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Italian food recipe
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After reading articles upon articles about Italian food, it's now time to try and make your own dishes, Italian style.
There are lots of original and traditional Italian recipes out there, but our Italian food recipes are authentic Italian food recipes written by Italians, living in Italy. So in these pages you'll find recipes the way they are made in Italy, not some vague recollection of how nana did it, using parsley instead of oregano, because it's easier to find.
The Rite of Spring - Asparagus The Spring Time Sorcery
In the springtime, when a young man's fancy turns to baseball, mine turns to asparagus, that most regal (as evidenced by its crown like tip) of all vegetables.
Unlike truffles, (autumn's thrill) which can only be afforded once or twice a year and are limited in their preparation, asparagus fits all budgets and palates; and the recipes are endless.
The Piadina Romagnola has a long connection with the history of the people of Romagna. This old traditional "bread" recipe has become, with the passing of time, a traditional dish can make a name for itself in modern cooking society - from bread of the poor to a mass produced snackfood loved by many.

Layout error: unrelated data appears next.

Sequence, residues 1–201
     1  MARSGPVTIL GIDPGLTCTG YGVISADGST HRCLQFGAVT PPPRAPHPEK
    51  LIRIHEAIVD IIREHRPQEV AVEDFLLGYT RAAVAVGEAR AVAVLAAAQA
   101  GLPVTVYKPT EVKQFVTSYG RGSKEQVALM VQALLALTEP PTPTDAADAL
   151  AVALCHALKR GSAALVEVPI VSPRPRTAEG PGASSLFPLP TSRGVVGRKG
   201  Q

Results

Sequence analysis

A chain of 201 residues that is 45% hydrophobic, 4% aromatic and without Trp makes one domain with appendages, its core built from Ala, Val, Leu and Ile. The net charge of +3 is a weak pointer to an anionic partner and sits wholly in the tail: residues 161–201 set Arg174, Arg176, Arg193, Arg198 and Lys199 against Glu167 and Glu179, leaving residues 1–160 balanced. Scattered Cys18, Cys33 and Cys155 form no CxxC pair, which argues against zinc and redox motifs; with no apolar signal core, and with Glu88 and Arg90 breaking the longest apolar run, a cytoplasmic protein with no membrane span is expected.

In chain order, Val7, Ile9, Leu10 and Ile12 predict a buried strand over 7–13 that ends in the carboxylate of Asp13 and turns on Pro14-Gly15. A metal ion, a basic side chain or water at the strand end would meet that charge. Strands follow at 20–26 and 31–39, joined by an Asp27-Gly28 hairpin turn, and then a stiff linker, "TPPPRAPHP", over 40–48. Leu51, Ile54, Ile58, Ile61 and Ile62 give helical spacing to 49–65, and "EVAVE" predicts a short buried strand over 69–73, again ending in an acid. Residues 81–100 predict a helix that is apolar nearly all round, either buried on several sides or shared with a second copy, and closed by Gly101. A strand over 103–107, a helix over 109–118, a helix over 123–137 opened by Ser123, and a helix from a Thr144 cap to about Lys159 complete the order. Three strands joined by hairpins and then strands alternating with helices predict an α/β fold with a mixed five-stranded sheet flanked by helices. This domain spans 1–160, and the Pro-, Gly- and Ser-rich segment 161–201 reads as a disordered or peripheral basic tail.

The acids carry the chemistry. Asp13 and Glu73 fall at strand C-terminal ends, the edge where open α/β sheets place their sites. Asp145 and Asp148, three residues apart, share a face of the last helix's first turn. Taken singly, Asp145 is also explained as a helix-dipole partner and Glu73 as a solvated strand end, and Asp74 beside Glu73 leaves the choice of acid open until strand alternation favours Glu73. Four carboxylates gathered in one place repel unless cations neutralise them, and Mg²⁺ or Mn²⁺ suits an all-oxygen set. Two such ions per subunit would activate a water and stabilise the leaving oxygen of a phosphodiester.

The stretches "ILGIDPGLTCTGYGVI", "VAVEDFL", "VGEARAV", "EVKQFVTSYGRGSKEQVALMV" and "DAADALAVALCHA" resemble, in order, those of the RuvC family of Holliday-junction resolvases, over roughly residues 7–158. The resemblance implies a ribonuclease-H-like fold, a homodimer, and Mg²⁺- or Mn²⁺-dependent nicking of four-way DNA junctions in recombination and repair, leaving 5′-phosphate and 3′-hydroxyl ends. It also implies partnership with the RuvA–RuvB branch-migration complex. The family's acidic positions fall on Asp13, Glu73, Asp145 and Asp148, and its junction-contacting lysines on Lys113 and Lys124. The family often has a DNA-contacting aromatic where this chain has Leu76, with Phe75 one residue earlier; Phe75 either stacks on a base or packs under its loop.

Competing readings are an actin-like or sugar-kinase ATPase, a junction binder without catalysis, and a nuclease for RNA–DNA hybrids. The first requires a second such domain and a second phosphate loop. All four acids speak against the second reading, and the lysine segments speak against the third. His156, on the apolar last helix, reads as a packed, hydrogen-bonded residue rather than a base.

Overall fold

The history of this dish, which originates in Piedmont can be considered an example of how and why - in times long past - regional dishes are born from real life.
It is said that the wine farmers of the late Middle Ages needed a special, exotic, dish to celebrate an important event for them, the draft of the new wine. The event marked the success of the most troubled, most tiring and most insidious harvest of the year - the wine grapes.
The word "bruschetta" has its origins in central Italy, and it's a slice of toasted bread.
Toasting the bread on the grill gives it a particular fragrance, but with an oven or a broiler you can obtain the same good result.
It's believed that this poor man's food was born as a snack for the workers in the fields. It was prepared with homemade, sometimes, stale bread, and flavored with olive oil, garlic, salt, pepper and tomato.
It is spring in Piedmont and the Sambuco trees are blossoming. Sambuco is the Italian common name for the European Black Elderberry, identified by its scientific name as Sambucus Nigra L. .The Sambuco tree-bush, produces beautiful tiny white blossoms whose sweet fragrance is swept by fresh breezes throughout the hills of the Monferrato countryside of Piedmont during the month of May. The Piedmontese kitchen boasts a wonderful springtime floral delicacy: preparing the fresh Sambuco blossoms for a pancake-like dessert called Frittelle di Fiore di Sambuco—enjoyed in Italy already since the medieval ages.